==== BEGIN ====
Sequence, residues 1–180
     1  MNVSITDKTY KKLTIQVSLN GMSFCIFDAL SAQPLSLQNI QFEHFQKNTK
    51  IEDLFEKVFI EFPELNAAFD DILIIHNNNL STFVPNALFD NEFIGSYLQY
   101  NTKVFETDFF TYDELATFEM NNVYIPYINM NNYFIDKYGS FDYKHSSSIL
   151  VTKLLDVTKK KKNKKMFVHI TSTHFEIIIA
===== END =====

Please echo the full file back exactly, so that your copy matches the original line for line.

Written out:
Sequence, residues 1–180
     1  MNVSITDKTY KKLTIQVSLN GMSFCIFDAL SAQPLSLQNI QFEHFQKNTK
    51  IEDLFEKVFI EFPELNAAFD DILIIHNNNL STFVPNALFD NEFIGSYLQY
   101  NTKVFETDFF TYDELATFEM NNVYIPYINM NNYFIDKYGS FDYKHSSSIL
   151  VTKLLDVTKK KKNKKMFVHI TSTHFEIIIA